Niche Blogs

Most blogs, however, focus on niche topics, such as politics, pets, literature, or cooking. It’s a great way to have on-going conversations with like-minded people around the world. For example, an increasing number of “baby blogs” are springing up, offering an outlet for young mothers to share advice and nurture friendships – all while creating a sense of community.

_______________________________________________ 7 Another community rallies around the military. The other day I was talking to Lt. Jeff Barnett, a 25-year-old Marine who recently returned from duty in Iraq. Shortly before being deployed, he started a blog to say farewell to family and friends. He said the new technology held “an aura of mystery” at first, but he soon embraced the daily lifeline home through his blog, Midnight in Iraq. “It was a great way to keep in touch with my family, but to them it was so much more than that. When they read my daily entries, they knew I was doing well. They feared for my safety more than I did,” he expressed.

What started out as a son’s heartbeat home was eventually posted on the military.com blog, and before long Jeff’s audience expanded to a legion of caring strangers. In March 2006, the New York Times asked him to contribute to their Frontline forum.

Business, Professional and Ministry Blogs

 

Although most blogs are personal, they’re having an increasing impact on society as the masses recognize the expansive reach of the interactive platform.

For example, businesses are reaping the benefits of posting special promotions, sales, and product announcements. Blogs also serve as a great branding tool. But one of the greatest benefits is the two-way communication that allows businesses to connect with their customers and get valuable feedback. The interaction builds trust which often equates to marketing gains.

Blogs also level the playing field for small businesses with zero marketing dollars by giving them an enormous audience, according to Derek. “A Mom and Pop shop on Main Street can be catapulted into worldwide notoriety if they have a product or service that catches fire with everybody on the web,” he said.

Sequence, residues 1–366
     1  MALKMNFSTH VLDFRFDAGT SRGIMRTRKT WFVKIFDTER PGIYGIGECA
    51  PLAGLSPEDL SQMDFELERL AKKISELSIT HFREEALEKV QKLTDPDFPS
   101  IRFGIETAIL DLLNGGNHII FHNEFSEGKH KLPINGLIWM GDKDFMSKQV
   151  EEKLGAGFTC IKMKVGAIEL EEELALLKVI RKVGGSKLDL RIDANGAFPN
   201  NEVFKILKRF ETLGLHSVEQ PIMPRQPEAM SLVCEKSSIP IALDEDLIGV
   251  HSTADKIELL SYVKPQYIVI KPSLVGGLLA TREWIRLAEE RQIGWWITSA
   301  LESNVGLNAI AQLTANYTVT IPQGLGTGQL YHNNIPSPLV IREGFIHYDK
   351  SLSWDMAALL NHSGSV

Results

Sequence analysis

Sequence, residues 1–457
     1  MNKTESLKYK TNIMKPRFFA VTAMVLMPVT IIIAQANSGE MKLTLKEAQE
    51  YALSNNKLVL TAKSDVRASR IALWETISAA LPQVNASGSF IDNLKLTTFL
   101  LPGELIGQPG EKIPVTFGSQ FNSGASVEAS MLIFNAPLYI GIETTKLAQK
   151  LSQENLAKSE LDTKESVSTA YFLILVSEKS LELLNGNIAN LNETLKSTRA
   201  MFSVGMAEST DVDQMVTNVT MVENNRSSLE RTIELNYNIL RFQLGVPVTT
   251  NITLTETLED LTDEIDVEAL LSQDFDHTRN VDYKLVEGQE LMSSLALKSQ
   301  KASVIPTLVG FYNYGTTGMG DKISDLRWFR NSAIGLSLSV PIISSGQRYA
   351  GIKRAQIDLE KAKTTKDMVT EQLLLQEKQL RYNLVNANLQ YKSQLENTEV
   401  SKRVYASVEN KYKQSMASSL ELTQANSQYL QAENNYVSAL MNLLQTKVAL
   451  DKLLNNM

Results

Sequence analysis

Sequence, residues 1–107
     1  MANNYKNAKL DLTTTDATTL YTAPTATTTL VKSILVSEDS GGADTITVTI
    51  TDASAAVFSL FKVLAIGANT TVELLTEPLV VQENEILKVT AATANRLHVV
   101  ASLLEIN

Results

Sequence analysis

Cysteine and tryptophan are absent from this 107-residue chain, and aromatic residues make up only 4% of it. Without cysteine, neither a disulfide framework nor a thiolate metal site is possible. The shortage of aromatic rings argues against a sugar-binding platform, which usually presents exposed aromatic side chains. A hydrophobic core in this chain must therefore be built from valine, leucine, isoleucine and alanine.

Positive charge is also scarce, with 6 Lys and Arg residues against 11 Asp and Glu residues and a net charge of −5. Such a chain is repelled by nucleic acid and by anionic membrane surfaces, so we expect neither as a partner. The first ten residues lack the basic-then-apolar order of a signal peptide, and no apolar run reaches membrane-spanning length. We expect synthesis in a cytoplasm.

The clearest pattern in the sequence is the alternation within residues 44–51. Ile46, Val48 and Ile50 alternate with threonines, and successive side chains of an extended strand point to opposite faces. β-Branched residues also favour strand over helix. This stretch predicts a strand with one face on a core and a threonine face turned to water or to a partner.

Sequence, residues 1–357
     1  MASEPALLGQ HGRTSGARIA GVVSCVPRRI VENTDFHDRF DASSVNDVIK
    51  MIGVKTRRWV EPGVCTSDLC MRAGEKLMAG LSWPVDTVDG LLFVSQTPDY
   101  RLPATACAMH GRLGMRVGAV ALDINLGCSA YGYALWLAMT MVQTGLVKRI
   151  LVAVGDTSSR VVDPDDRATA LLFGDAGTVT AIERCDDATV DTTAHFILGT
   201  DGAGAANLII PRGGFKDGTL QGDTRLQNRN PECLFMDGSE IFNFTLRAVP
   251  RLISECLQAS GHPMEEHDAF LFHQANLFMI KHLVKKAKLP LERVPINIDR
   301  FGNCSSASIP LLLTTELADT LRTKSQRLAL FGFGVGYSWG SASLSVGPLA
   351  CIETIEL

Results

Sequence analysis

Educators are among the growing number of professionals who understand the value of blogs. They use “edublogs,” to post homework assignments, grades, messages and lunch menus, to communicate with parents, and also to share information and network with colleagues. “It’s a great resource for getting information out to students and parents. And it’s interactive, so they can easily communicate with teachers and other staff. It’s completely changed the dynamics of communication,” according to Julie Schott, assistant principal of St. Paul’s Lutheran School, Glen Burnie, MD. And when daily homework assignments are available with a simple click, there’s no “wiggle room” for excuses, she added.

The ministry is also finding an historic opportunity to share the Gospel beyond church walls. Hungry souls are flocking to sites to be spiritually fed through daily prayers, inspirations and devotionals. Pastor Peter Migner of Emmanuel Church of the Nazarene, Madison Heights, VA, is a pioneer in digital ministry. He uses the emerging technology to reach the masses through engaging text, video and audio.

_______________________________________________ 8 “I’m convinced that the Internet is an adventure into an untapped ministry field. My hope and prayer is that churches and ministers around the world will use this technology to convert, educate, and disciple,” he said. “Although I prefer in-person hugs, handshakes, praying, and preaching, I believe digital ministry is the fastest and most effective way to reach a lost world. An entire generation is growing up online, and the Word of God is just a click away. I want to influence as many of them for Jesus as possible,” he added.

Churches are recognizing blogs as a powerful medium to interact with missionaries and gain insight into their lives and experiences in every corner of the world. The format is also popular for posting sermons, announcements, and updates and showcasing videos of Sunday School programs or Christmas pageants.

The Dynamics of Real Simple Syndication

One of the most innovative advances that has brought blogging into the mainstream is a protocol known as Really Simple Syndication (RSS). This system is used to turn blogs into “news feeds,” that are available (usually free) through subscriptions, and then deliver them to a special e-mail folder. Brett Irby demystified this technology for me by explaining that RSS is a delivery system, sort of like an “Internet newsboy,” but it only delivers news, videos, or other content that interests its subscribers.

Podcasting – Catch the Wave!

Once I grasped the concept of blogging, it was time to tune in to podcasting. Thanks again to Brett, this new technology was explained to me in plain English. Podcasting, he said, is no more than downloading audio and video files from the Internet via RSS feeds. Although multimedia on the Internet is nothing new, the feed technology has been enhanced with an “enclosure” that tells your computer exactly where to deliver the files. Usually, a little orange icon on a website indicates that an RSS feed is available for subscription.